Snooker legend Willie Thorne, 66, dies after suffering respiratory failure

SNOOKER legend Willie Thorne has passed away after suffering from respiratory failure aged 66.

He died peacefully listening to his children after going into septic shock last night, his friend and carer said today.



The tragic news was announced on his GoFundMe this morning.

Julie O'Neill who set up the page, wrote that Thorne stopped responding to treatment and the decision was made to turn off the machines.

Thorne became a household name in the snooker world in the 1980s and reached the quarter-finals of the World Snooker Championship in 1982 and 1986.

He was a huge character within the game and was part of the 1986 single 'Snoopy Loopy' which written and performed by Chas & Dave.

Thorne was rushed to a hospital in Spain last week with dangerously low blood pressure as he bravely battled leukaemia.

Such was his condition last week, that initially it was dangerous to move him.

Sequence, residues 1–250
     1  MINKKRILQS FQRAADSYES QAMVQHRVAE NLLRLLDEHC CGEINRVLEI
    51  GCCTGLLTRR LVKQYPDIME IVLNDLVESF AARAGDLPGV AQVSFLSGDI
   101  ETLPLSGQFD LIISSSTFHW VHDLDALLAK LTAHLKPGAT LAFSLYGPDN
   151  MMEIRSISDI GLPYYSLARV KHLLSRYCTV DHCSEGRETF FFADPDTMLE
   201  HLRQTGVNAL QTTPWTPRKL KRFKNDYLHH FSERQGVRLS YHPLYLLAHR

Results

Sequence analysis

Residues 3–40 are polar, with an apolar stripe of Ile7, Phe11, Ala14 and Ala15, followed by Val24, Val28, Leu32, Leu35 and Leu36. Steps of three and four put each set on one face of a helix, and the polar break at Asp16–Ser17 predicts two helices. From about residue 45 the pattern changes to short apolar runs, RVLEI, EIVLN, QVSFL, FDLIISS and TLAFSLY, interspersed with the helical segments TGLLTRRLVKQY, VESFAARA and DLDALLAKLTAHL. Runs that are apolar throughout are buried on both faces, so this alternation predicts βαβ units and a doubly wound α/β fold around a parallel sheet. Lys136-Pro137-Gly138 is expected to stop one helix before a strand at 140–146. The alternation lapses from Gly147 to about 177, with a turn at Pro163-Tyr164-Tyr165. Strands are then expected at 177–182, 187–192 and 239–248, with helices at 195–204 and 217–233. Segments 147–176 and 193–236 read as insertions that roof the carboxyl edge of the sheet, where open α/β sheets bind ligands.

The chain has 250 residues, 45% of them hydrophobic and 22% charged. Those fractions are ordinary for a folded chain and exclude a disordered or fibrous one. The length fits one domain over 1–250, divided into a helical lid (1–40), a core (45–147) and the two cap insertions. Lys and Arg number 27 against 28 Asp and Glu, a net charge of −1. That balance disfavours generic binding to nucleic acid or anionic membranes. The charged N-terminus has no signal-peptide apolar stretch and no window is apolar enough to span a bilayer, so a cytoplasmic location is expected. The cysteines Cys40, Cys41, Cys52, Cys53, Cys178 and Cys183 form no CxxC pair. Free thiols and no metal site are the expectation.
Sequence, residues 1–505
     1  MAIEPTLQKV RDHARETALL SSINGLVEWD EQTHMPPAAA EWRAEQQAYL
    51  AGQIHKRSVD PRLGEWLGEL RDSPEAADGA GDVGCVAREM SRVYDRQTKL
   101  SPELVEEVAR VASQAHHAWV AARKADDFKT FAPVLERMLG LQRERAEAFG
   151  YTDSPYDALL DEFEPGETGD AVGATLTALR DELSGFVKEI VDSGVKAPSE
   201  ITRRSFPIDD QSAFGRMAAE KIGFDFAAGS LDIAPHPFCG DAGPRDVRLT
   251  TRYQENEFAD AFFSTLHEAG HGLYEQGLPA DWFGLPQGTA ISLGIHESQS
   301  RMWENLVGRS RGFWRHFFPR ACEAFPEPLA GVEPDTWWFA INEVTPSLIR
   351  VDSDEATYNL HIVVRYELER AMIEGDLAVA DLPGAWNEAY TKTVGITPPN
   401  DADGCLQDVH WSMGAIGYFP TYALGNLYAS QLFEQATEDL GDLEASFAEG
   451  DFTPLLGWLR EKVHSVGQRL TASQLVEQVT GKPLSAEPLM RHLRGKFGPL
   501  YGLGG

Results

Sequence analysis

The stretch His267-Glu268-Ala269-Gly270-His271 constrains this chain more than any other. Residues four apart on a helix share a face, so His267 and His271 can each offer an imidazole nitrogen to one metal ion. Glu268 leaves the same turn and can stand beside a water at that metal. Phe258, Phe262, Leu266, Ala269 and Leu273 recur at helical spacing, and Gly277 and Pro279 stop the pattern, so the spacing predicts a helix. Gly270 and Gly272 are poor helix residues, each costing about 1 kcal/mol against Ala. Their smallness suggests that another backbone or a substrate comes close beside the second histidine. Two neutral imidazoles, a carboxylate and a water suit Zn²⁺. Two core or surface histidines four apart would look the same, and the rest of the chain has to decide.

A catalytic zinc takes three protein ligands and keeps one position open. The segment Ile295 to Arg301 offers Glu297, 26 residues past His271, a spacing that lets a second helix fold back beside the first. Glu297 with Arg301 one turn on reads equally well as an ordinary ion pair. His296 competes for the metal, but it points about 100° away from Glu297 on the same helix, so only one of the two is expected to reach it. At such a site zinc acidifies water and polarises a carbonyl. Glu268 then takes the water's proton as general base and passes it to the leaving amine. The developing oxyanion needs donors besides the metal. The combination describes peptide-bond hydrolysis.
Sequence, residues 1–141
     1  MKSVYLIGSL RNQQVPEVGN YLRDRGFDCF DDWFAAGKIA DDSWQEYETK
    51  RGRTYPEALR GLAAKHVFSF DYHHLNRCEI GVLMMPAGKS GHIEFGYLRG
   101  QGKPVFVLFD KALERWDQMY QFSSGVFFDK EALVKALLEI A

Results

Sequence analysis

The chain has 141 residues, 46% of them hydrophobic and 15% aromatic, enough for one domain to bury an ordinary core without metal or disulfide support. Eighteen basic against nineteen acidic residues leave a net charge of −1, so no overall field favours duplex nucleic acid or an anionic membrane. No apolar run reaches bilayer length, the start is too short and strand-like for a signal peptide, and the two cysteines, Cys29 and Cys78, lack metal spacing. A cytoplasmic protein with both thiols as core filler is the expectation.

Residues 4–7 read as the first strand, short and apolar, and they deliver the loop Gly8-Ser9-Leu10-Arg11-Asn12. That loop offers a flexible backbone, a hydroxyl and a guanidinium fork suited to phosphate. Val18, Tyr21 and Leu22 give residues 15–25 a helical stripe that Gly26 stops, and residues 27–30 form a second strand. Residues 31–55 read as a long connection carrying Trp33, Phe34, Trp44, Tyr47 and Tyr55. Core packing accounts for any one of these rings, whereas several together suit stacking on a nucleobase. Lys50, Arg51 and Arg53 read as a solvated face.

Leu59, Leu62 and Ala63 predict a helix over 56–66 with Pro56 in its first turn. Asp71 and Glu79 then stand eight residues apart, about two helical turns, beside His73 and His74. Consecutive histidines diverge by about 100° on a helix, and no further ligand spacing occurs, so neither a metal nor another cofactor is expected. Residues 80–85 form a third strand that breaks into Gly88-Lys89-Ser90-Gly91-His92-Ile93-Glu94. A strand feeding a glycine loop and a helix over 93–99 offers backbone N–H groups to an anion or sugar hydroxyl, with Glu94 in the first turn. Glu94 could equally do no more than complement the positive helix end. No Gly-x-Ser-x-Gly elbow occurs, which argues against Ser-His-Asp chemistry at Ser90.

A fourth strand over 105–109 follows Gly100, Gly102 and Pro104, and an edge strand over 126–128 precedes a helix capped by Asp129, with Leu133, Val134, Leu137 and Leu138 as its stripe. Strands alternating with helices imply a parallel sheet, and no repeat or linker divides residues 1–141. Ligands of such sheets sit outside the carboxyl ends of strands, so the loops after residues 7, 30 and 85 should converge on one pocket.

He was taken to hospital by an ambulance, and where he had remained in intensive care since.

Things worsened on Sunday, when Thorne went into respiratory failure and was placed into an induced coma, with medical ventilation.

He was diagnosed with leukaemia in March and had been in and out of hospital since starting treatment.

Thorne underwent three blood transfusions and treatment for a virus as well as MRI scans and heart checks following his admission to Torrevieja Hospital on May 2.

On top of that, the 66-year-old was also faced with both gout, which causes swelling and pain around the joints, and a water infection once treatment for the leukaemia began.

Once again I thank everybody for your messages of support and words of encouragement, I know they have been a comfort to Willie

O'Neill had thanked fans for their support, and had urged them to pray for their unwell hero.

She added that the money raised on the page will now pay for the snooker legend's funerla.

O'Neill wrote: "Thank you so very much to everyone that has been involved in Willies care you have all been absolutely amazing and Willie couldn’t have asked for better.

"Thank you for all the donations that enabled him to get the care he needed!"

The popular Thorne made his professional snooker debut in 1975, reaching a career high ranking of No7.

And he was also a well-recognised voice on BBC's snooker coverage, having made appearances since the 1980s.

 





 

Source: Read Full Article